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The summer of his junior year, Andy decides to get a job as a camp counselor. It's odd being back at his old day camp in this capacity, like he’s actually an adult or something. But nothing is odder than walking into the orientation room and finding Sid Phillips leaning against the wall, looking permanently bored.

Andy's move -- albeit not that far away -- still had zoned him into different elementary and junior high schools, but once he reached 9th grade he'd found himself back in Sid's orbit. Sid had changed a lot since he lived next door to Andy, was more mellowed out. They didn't run in the same circles and had only a handful of classes together over the past few years, given that Sid was a year above him.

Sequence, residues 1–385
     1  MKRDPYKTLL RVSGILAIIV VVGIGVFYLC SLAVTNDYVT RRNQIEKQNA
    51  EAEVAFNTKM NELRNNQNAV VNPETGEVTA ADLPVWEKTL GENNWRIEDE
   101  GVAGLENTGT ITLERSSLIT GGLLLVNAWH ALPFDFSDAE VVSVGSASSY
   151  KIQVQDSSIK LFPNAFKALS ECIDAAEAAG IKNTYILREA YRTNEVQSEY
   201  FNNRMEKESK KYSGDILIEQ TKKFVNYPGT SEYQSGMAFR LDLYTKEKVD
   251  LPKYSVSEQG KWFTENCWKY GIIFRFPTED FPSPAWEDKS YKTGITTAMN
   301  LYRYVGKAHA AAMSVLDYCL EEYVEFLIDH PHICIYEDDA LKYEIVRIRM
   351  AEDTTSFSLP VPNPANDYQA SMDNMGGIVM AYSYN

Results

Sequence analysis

Sid hung with the skaters. He smoked on the blacktop, had a tattoo, and wore baggy jeans and stupidly obnoxious headphones.

And Andy's had a god damn crush on him for years now.

It just hit him one day, coming back into school from recess and literally running into Sid in the stairwell. He’d smelled of cigarettes and cologne and was pushing his slightly greasy hair out of his face, looking up at Andy with narrowed eyes.

"Watch where you're goin', huh, Davis."

Andy was too busy blinking after him and trying to ignore his very interested dick to say anything in response. Sid was the first guy that wasn't a movie star to cause these feelings and it was kinda terrifying that a) Andy apparently wasn't just gay for Brad Pitt and b) he was apparently gay for Sid friggin' Phillips.

It fucked with Andy's world for about two weeks until he just gave in and let it happen.